U.S. Energy News

Coal’s collapse contributes to dip in U.S. emissions

EMISSIONS: U.S. greenhouse gas emissions dropped slightly in 2019, driven by a shift from coal generation, though future declines are unlikely without rapid policy change. (Reuters, InsideClimate News)

ALSO:
California Democrats announce a Green New Deal that would aim to transition the state completely off of fossil fuels by 2030. (Sacramento Bee)
A project at a Colorado industrial cement plant would target capturing 725,000 metric tons of carbon per year. (Houston Chronicle)
• JetBlue plans to become the first U.S. airline to make all of its domestic flights carbon neutral by investing in technology, alternative fuels and offsets. (Reuters)

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TRANSPORTATION:
• The Trump administration moves toward tightening pollution controls on trucks while blocking states from adopting tougher rules. (New York Times)
A coalition of electric vehicle advocates urges the Boston-areas transit authority to shorten the testing time for electric buses and have the entire fleet electrified by 2030. (Energy News Network)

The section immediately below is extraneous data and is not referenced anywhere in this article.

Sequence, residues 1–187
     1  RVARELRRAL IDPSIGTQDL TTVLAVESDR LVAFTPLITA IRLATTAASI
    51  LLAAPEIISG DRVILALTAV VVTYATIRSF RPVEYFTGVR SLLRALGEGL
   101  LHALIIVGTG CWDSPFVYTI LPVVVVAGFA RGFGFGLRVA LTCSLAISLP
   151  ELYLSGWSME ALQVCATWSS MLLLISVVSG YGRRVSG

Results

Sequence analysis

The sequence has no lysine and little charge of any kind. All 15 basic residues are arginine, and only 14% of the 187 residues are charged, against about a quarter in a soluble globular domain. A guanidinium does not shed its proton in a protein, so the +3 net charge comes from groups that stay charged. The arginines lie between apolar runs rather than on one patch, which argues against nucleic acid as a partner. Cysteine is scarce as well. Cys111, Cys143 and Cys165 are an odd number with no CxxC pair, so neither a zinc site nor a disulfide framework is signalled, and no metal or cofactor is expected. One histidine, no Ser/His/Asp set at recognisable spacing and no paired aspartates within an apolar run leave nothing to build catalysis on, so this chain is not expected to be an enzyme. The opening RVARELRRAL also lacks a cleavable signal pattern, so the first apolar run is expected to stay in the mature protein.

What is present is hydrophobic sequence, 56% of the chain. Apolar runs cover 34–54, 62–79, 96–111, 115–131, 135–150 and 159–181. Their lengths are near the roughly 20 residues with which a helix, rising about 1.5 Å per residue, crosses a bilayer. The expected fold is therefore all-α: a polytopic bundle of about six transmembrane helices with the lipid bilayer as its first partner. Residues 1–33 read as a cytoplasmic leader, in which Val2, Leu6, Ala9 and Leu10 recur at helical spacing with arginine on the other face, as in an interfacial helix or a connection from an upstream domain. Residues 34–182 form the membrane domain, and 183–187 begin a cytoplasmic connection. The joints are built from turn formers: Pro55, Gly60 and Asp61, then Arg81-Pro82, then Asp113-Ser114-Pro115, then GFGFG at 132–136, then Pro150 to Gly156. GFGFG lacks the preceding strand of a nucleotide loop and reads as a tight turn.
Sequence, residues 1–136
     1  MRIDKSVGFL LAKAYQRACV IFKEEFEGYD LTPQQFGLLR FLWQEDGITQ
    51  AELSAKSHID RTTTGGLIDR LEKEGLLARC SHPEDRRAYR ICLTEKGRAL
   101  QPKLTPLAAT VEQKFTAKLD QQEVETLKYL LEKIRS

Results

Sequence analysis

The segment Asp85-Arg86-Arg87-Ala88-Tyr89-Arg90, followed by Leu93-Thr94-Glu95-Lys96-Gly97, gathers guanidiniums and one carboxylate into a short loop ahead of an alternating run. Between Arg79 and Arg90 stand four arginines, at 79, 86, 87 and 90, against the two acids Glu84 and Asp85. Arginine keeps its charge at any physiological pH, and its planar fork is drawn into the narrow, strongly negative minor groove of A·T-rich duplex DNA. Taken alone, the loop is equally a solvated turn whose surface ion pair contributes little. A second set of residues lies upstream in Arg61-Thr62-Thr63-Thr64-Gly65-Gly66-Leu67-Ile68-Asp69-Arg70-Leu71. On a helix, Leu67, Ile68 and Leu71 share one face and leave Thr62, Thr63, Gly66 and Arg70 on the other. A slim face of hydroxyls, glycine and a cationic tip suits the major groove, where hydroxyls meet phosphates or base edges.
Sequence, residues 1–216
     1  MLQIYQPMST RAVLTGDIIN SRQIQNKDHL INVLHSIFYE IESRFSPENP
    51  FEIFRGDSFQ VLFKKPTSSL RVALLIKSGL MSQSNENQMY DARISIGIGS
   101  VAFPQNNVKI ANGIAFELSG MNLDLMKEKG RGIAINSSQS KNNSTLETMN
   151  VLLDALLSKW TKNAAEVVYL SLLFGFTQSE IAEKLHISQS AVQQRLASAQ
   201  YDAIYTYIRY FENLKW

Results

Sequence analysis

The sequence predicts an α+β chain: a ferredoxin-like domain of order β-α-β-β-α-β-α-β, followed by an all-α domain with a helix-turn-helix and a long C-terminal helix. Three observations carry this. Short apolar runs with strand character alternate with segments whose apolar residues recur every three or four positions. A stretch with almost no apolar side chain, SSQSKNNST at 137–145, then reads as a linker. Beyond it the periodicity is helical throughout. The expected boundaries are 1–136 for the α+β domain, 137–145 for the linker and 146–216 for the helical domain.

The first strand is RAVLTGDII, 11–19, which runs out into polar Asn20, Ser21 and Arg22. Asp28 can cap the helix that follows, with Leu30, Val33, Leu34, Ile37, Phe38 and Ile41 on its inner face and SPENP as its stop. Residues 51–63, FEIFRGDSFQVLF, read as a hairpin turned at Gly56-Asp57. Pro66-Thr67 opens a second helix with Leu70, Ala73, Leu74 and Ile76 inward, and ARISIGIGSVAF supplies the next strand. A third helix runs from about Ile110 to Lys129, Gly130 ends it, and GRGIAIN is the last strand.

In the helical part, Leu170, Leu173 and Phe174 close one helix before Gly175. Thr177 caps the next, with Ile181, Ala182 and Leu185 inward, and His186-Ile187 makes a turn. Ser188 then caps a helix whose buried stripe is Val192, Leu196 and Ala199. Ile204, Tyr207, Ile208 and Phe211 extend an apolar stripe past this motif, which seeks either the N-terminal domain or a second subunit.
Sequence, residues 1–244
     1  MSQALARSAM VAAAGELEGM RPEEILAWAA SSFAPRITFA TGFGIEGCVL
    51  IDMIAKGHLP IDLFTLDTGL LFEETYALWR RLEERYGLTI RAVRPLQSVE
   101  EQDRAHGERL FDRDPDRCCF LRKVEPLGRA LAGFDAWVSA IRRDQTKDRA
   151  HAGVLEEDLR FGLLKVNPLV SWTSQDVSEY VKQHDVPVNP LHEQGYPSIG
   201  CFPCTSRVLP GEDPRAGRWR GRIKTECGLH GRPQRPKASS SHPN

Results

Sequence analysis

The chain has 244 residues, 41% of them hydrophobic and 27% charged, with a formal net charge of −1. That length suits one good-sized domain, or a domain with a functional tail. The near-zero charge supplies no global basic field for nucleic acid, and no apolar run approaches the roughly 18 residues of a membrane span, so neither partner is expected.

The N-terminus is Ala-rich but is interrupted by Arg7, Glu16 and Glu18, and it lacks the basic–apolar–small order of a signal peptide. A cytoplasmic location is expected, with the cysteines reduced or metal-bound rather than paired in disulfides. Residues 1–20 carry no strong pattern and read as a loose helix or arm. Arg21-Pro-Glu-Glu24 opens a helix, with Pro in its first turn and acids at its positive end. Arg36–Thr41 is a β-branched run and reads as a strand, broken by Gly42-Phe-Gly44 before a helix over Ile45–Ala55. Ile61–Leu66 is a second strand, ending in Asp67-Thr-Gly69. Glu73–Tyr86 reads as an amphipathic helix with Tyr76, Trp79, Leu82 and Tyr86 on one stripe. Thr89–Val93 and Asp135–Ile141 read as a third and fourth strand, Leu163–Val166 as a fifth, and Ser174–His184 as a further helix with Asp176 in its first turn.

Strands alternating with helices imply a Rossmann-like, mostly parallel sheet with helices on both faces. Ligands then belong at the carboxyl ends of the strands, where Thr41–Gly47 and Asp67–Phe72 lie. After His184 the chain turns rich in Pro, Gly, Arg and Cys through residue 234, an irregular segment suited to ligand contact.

SOLAR:
• Solar installers embrace residential solar-plus-storage systems as homeowners express interest in pairing batteries with rooftop solar. (Greentech Media)
The number of customers seeking to connect solar panels in eastern Kansas plunged in 2019 after the region’s utility placed a new fee on solar customers. (Energy News Network)
• Solar panel manufacturer First Solar will pay out $350 million in claims related to a class action lawsuit by shareholders over warranty costs. (Greentech Media)

STORAGE: The California Energy Commission is sinking $11 million into energy storage technologies other than lithium-ion batteries. (Utility Dive)

WIND: Attempts to limit wind energy development in Ohio leave the state among the worst in the U.S. for renewable energy production. (Truthout)

COAL:
• America’s coal consumption entered a free fall in 2019, an 18% drop that represented the largest one-year decline ever recorded. (The Atlantic)
• The shutdown of U.S. coal plants over a decade saved more than 26,000 lives, according to a new study published in Nature Sustainability. (The Guardian)
• Dozens of laid-off employees of another Kentucky coal company say they have not received their final paychecks. (Lexington Herald Leader)

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OIL & GAS: U.S. Sen. Bob Casey of Pennsylvania again introduces legislation to force disclosure of chemicals used in hydraulic fracturing. (E&E News, subscription)

PIPELINES: A Pennsylvania homeowner says drilling activity from the Mariner East pipeline contaminated her well and released colored and foul-smelling water into her bathtub. (CBS Philly)

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